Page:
Who’s the Better Dream Team?

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The question has been the hot topic of late regarding U.S.A. Basketball and the 2012 London Olympic Games. The discussion came up in 2008 when our NBA superstars won Gold in Beijing, and naturally, it is here four years later.

When Lakers superstar Kobe Bryant was asked if his 2012 Olympic basketball team could beat the famed 1992 team, he said, “It’d be a tough one, but I think we’d pull it out.” And then the Dream Team responded:

“I absolutely laughed…there’s no comparison.” – Michael Jordan

“No chance this year’s team would take us.” – Magic Johnson

“I just started laughing.” – Charles Barkley

So to settle it all, who would actually win? Let’s look at the stuff that matters: talent, leadership, coaching, strength of competition, best player and heart.

Talent

The 1992 team’s 12 members compiled these numbers in the NBA before the start of that summer’s Olympics in Barcelona: nine MVP Awards, 12 NBA titles and 37 All-NBA First Team selections. In comparison, the 2012 dozen accounted for four MVP Awards, 7 NBA titles and 22 All-NBA First Team selections. Each squad also had the NCAA Player of the Year from the preceding college season – Christian Laettner in ’92, Anthony Davis in ’12 – who both won the NCAA title that year as well with Duke and Kentucky, respectively.

Edge: 1992

Leadership

Magic, MJ and Bird all fought to be the top dog for the U.S. in Barcelona. The two veterans (Magic and Bird) were ultimately granted captaincy, but Jordan visibly and athletically ran the court when it came down to making plays. The 2012 squad has a similar story: Kobe as the seasoned vet with past success (i.e. Magic & Bird) and LeBron as the confident playmaker (i.e. Jordan). However, this summer’s U.S. team runs through Chris Paul, the best point guard in the world.

Edge: 2012

Coaching

This category shouldn’t mean anything considering that the best basketball players in the world are playing on a team with each other. There’s only one outcome that should, and does, happen: a win. Nevertheless, it comes down to Chuck Daly (’92) vs. Mike Krzyzewski (’12). Daly won back-to-back NBA championships with the Detroit Pistons and retired with 638 career wins. Coach K (as everyone calls him, thankfully) has led the Duke Blue Devils to four NCAA titles and the 2008 U.S. team to a gold in Beijing to go along with his 927 career victories. He also was an assistant coach under Daly in ’92. But this contest doesn’t come down to wins or numbers. Before the Dream Team competed in the Barcelona Games, Daly staged a scrimmage between his NBA All-Stars and a team of NCAA superstars from that year. The head coach admitted later that he “threw the game,” as his team lost 54-62, in order to teach his players that they could be beaten (even though they weren’t).

Edge: 1992

Strength of Competition

Croatia proved to be the toughest challenge for the Dream Team. Not only did they hold the Americans to their lowest amount of points throughout the whole tournament (103), but the Croatians also put up the most points (83) against the U.S. out of all of their opponents. As for the 2012 team, No. 2-ranked Spain and an experienced Argentina pose the biggest threats. NBA stars in Marc and Pau Gasol, Serge Ibaka, Ricky Rubio and Jose Calderon lead Spain while Spurs veteran Manu Ginobili. The Spanish did their best to un-seat the Americans of gold in ’08, and it looks like they will do the same this summer – they are undefeated so far in group play. Also note that the 2012 squad only beat the Argentineans by six points on July 22.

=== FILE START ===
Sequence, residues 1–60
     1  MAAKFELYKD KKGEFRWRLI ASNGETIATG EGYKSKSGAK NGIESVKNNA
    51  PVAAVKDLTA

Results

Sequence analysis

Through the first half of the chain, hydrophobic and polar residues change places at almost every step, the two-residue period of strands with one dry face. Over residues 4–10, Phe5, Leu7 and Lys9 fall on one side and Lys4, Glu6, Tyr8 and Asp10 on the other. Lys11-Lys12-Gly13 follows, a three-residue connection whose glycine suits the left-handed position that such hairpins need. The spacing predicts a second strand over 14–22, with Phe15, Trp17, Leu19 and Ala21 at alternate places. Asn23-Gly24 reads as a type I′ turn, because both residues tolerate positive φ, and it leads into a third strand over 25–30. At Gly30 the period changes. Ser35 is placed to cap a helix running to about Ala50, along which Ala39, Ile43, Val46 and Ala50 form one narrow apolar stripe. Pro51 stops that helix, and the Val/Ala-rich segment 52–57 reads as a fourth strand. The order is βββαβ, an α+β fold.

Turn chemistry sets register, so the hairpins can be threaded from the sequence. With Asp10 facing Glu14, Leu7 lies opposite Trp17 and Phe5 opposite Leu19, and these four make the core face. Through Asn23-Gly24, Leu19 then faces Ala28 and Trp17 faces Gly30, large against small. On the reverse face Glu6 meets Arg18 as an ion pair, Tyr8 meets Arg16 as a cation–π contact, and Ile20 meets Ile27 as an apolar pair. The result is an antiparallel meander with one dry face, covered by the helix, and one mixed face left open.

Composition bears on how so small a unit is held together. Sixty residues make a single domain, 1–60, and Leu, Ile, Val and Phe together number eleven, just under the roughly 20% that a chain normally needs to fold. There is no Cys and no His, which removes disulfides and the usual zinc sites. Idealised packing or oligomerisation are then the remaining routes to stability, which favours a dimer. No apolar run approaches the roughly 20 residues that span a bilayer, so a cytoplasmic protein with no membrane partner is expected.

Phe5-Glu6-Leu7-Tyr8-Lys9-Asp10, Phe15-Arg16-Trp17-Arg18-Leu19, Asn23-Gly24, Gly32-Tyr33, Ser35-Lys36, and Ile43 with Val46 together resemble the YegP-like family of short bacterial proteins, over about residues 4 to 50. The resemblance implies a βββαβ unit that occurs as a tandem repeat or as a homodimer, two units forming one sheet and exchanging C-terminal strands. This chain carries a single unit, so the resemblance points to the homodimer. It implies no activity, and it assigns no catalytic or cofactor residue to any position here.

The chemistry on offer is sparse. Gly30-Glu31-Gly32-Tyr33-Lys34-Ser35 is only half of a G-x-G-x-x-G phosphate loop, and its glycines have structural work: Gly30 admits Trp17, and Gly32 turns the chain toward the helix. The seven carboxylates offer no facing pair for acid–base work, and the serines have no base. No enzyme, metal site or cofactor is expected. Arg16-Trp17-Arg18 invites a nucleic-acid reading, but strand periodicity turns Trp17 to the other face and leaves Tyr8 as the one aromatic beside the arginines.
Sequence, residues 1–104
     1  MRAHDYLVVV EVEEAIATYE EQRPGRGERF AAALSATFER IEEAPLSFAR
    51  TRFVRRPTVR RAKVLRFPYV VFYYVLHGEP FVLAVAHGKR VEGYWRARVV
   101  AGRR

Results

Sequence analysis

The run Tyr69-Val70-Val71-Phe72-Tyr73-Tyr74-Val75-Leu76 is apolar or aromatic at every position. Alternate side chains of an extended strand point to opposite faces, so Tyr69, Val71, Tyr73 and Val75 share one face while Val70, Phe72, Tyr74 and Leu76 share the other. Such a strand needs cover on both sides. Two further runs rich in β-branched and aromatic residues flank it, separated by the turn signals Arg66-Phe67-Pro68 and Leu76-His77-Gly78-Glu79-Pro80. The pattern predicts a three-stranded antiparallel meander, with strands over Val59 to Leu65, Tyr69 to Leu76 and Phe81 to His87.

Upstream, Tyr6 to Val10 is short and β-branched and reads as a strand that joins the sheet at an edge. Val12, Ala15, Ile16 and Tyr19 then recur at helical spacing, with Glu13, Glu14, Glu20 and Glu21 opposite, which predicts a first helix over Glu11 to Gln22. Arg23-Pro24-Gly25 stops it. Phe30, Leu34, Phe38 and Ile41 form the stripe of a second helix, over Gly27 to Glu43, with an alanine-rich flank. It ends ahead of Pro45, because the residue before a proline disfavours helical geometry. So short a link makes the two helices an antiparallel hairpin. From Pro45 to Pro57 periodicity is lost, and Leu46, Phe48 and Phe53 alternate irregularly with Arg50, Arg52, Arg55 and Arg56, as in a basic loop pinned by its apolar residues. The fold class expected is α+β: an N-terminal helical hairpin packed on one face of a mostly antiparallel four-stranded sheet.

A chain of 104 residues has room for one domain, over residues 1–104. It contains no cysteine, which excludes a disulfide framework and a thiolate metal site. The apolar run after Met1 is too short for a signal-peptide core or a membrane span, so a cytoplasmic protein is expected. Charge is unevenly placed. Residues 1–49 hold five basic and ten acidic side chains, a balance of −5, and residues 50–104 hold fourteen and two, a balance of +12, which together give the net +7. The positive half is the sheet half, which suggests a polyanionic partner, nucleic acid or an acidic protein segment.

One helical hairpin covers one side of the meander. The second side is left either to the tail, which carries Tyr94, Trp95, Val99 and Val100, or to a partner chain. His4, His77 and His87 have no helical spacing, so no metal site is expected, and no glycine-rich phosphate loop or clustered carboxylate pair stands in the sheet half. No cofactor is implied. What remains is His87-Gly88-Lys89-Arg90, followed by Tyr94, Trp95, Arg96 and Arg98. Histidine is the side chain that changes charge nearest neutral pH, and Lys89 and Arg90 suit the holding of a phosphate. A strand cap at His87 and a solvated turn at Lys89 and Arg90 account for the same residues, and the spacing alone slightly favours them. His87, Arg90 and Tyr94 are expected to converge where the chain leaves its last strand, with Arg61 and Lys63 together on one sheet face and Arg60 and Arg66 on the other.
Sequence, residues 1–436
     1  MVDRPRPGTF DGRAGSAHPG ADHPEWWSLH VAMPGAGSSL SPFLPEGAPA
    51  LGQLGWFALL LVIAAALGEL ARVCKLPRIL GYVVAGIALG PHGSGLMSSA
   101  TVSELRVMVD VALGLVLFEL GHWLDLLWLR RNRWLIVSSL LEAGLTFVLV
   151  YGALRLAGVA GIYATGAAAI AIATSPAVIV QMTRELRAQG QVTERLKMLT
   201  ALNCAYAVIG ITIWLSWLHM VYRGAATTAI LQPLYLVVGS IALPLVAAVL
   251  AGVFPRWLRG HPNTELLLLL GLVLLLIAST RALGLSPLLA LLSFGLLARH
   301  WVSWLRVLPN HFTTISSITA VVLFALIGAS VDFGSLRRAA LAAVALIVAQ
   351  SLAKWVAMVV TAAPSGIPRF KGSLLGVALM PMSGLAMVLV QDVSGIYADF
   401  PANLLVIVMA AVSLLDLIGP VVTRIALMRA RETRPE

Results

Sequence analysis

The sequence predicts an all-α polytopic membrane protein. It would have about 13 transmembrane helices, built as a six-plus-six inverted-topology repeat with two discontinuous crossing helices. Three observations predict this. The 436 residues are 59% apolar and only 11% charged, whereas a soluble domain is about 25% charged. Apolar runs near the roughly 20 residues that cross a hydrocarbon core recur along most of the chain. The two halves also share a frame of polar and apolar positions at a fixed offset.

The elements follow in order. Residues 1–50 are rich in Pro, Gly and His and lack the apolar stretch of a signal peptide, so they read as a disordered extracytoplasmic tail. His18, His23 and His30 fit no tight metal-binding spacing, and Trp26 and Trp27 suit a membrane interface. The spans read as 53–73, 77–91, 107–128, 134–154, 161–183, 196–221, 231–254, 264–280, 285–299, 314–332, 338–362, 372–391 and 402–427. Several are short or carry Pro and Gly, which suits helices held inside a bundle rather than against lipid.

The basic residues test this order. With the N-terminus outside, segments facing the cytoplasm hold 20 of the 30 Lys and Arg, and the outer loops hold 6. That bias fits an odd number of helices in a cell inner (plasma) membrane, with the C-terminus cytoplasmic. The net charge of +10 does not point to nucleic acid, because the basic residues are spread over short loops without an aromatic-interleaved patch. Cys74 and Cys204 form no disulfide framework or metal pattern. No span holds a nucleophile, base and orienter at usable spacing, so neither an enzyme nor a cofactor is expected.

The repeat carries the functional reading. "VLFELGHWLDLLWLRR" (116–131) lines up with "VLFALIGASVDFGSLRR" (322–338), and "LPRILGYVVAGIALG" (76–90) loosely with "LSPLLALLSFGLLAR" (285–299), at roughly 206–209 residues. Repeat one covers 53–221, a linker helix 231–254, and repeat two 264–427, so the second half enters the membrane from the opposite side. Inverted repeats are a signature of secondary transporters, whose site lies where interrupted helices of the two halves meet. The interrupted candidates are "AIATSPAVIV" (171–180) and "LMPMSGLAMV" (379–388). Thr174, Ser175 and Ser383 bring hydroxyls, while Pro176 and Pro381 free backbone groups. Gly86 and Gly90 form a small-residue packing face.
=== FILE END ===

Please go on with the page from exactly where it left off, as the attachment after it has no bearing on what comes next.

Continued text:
Edge: 1992

Best Player

Well the argument for best player comes down to five letters: MJ vs. LBJ. Michael Jordan is obviously the greatest player to have ever played basketball, and LeBron shouldn’t even be in that discussion yet. However, there is an upside that gives the most recent NBA MVP a slight edge over Jordan. James is physically and athletically the most dominant basketball player in the world right now, and he can’t be stopped by anyone. Period.

Edge: 2012

Heart

NBA players were allowed to compete in the Olympics for the first time in 1992. So the Dream Team had something to prove to the world in a sense. Also, it was the Dream Team – they just had a small piece of expectations to live up to. And for the 2012 team? Well they already know they are the best team in the world – and they play like it. But they also have something to live up to and that’s the very reason we ask the question at the title of this article.

Edge: 1992

So, who wins? I’ve got the 1992 Dream Team all the way. It would definitely be a close, physical, high-scoring game – but for the reasons above, Coach Daly’s team is one of almost-perfect qualities from top to bottom. Now that you know my opinions, there’s something to ponder as you imagine a game between both U.S. teams: on Thursday, the 2012 squad scored an Olympic-record 156 points against Nigeria and set U.S. records for 3-pointers (26), field goals (59) and field goal percentage (71). That’s something the Dream Teamers never accomplished in Barcelona.

Freshman > Journalism > University of Maryland

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